Appeal from the Circuit Court of Cook County. No. 02 L 6039. Honorable Philip L. Bronstein, Judge Presiding.
The opinion of the court was delivered by: Justice Hoffman
This is a permissive interlocutory appeal brought pursuant to Supreme Court Rule 308 (155 Ill. 2d R. 308). The certified question before us is whether section 4-102 or 4-107 of the Local Governmental and Governmental Employees Tort Immunity Act (745 ILCS 10/4-102, 4-107 (West 2002)) provides absolute immunity to a municipality and its police officers who are alleged to have willfully and wantonly failed to prevent a crime against a victim of domestic violence. For the reasons which follow, we answer the question in the negative and remand the matter to the circuit court.
 The facts giving rise to this litigation are substantially undisputed. On May 3, 2002, Ronyale White called "911" requesting police assistance because her husband, Louis Drexel, was in her house. White informed the operator that Drexel was in violation of an order of protection issued by the circuit court and that he owned a gun. An emergency telephone dispatcher relayed this information to Chicago police officers Christopher Green and Donald E. Cornelius, and one of the officers acknowledged receipt of the information. Neighborhood witnesses reported that two police officers drove in a marked car to White's house, but left the scene without investigating or assisting in the matter approximately five minutes before Drexel shot White. White died as a result of the gunshot wounds on the following day.
The plaintiff, Melissa Moore, as independent administrator of White's estate, subsequently filed a complaint against Green, Cornelius, and the City of Chicago (hereinafter referred to as the "City"), asserting wrongful death and survival actions. She alleged in her fourth-amended complaint*fn1 that, at the relevant time period, White was a member of the class of persons designed to be protected under the Illinois Domestic Violence Act of 1986 (hereinafter referred to as the "Domestic Violence Act") (750 ILCS 60/101 et seq. (West 2002)), and that the officers had a duty under the statute to use all reasonable means to prevent further abuse, harassment, or exploitation of White by, inter alia, providing or arranging transportation for her to a place of shelter or arresting Drexel. Moore charged that the officers breached the duty of care owed to White through one or more of the following willful and wanton acts or omissions: traveling to White's house and leaving the scene prior to investigating or offering any assistance with respect to a violation of an order of protection; knowingly rejecting White's plea for assistance; acknowledging receipt of the information relayed by the emergency dispatcher and preventing other officers from assisting White by failing to appear at the scene; failing to "intervene in the situation" at White's home, knowing she was in need of protection; and failing to transport White to a safe location.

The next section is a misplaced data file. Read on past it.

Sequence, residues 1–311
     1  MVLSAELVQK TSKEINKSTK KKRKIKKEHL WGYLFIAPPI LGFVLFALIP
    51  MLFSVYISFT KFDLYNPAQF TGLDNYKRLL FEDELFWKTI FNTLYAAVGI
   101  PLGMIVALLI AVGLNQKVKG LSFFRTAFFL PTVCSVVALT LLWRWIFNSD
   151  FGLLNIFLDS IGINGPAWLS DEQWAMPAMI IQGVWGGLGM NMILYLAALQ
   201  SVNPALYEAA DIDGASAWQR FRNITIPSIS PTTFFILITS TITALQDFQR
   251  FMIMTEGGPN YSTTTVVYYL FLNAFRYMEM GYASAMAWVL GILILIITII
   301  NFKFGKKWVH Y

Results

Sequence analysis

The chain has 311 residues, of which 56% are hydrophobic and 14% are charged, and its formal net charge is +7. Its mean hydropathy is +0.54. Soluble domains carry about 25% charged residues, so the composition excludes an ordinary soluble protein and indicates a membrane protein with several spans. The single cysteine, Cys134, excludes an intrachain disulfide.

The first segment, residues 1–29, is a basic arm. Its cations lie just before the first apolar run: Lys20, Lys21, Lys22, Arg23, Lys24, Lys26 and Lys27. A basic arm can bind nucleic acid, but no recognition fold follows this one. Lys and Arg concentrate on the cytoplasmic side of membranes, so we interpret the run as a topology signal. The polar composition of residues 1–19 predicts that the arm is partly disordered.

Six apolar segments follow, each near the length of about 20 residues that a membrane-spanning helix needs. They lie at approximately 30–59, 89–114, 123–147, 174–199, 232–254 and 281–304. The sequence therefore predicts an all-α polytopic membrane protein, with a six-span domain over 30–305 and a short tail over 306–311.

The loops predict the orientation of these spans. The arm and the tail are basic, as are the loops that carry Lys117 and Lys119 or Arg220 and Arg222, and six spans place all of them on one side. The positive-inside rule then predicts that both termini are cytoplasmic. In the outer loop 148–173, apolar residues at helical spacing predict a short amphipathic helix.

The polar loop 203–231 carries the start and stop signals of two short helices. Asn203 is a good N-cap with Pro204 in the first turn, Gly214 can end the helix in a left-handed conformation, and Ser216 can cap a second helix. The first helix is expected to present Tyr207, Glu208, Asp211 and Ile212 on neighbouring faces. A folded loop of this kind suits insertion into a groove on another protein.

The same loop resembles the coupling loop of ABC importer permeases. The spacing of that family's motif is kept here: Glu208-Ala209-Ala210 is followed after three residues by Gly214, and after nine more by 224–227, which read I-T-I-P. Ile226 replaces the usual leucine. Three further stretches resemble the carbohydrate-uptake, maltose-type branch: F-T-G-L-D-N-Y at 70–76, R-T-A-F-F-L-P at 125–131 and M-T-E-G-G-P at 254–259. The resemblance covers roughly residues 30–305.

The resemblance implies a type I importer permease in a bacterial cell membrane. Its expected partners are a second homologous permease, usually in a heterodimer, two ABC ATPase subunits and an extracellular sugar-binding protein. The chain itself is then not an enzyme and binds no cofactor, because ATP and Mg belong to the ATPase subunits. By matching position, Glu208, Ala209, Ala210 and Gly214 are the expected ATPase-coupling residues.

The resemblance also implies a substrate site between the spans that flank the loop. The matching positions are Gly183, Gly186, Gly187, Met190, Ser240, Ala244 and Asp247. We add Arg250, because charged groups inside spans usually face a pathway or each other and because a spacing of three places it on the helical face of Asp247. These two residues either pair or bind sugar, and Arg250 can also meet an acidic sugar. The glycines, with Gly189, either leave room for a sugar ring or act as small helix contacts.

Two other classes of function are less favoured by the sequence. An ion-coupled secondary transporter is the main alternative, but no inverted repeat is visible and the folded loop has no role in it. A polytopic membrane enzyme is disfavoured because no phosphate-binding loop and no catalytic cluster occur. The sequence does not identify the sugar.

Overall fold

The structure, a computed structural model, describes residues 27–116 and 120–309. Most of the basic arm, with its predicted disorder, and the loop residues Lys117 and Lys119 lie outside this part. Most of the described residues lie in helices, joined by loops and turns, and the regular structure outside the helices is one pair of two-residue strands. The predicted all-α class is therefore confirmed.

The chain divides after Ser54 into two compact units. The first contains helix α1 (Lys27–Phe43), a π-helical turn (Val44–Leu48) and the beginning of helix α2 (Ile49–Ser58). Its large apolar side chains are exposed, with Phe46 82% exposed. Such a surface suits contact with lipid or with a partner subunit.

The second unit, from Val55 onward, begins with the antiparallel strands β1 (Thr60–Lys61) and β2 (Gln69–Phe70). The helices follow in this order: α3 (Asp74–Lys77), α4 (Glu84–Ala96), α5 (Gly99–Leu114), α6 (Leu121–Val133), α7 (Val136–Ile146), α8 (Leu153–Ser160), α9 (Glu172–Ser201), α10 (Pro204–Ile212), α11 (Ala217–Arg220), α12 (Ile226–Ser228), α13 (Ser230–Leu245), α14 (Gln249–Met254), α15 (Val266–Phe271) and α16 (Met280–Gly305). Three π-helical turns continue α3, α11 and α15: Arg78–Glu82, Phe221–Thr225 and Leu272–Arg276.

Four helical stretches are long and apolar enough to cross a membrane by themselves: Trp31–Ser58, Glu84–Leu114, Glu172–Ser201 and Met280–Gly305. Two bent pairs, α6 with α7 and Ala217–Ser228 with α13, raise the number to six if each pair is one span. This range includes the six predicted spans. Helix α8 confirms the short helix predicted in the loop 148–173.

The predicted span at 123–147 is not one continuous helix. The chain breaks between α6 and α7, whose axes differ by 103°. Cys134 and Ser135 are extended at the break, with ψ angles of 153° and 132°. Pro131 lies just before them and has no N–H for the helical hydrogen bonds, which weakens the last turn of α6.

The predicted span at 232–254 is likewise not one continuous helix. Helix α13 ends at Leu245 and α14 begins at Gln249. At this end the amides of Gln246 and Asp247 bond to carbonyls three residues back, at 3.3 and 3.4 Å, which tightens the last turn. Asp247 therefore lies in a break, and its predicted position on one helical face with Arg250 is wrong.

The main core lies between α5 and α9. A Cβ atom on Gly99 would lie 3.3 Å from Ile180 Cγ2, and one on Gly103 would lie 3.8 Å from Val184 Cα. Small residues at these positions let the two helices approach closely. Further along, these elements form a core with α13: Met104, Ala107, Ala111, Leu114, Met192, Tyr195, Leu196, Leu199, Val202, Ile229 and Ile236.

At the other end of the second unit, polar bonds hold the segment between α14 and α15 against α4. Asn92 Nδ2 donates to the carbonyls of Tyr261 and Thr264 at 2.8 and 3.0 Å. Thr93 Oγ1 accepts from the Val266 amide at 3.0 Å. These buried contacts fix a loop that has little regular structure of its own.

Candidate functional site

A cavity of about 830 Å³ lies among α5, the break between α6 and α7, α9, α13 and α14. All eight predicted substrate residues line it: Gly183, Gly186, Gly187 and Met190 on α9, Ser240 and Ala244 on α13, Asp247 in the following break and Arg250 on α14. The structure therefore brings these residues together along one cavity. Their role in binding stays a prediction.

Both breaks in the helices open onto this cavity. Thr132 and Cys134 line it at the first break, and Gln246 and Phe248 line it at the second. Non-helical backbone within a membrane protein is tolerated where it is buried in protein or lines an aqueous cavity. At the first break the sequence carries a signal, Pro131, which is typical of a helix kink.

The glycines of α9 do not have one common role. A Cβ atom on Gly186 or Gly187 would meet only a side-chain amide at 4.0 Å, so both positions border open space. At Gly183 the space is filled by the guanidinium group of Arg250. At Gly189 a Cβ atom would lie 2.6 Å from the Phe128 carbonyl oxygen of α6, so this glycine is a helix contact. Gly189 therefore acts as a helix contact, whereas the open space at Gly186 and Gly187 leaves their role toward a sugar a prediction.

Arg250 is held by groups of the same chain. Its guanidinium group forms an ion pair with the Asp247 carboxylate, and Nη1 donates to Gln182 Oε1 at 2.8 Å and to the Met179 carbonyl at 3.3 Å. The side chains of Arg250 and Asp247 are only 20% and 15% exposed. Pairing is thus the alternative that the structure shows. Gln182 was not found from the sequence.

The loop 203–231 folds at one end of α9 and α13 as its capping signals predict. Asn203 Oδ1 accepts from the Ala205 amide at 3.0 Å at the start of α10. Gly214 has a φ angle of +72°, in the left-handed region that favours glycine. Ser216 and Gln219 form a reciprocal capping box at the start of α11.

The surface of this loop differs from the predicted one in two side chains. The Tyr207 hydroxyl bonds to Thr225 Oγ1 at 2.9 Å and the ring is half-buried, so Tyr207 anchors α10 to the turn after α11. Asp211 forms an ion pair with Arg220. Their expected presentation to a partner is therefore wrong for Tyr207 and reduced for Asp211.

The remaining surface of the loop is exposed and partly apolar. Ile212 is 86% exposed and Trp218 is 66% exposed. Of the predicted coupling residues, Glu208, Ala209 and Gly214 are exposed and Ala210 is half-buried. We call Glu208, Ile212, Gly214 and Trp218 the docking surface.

The City filed a motion to dismiss the plaintiff's complaint pursuant to section 2-619 of the Code of Civil Procedure (735 ILCS 5/ 2-619 (West 2002)), arguing that, pursuant to sections 4-102 and 4-107 of the Local Governmental and Governmental Employees Tort Immunity Act (hereinafter referred to as the "Tort Immunity Act") (745 ILCS 10/1-101 et seq. (West 2002)), it was absolutely immune from any liability predicated on an alleged failure to prevent a crime or to make an arrest. Thereafter, Green and Cornelius joined in the City's motion. The plaintiff argued in her response that section 305 of the Domestic Violence Act (750 ILCS 60/305 (West 2002)), which provides an exception to law enforcement immunity for conduct which is willful and wanton, controlled her causes of action rather than section 4-102 or 4-107 of the Tort Immunity Act, as asserted by the defendants.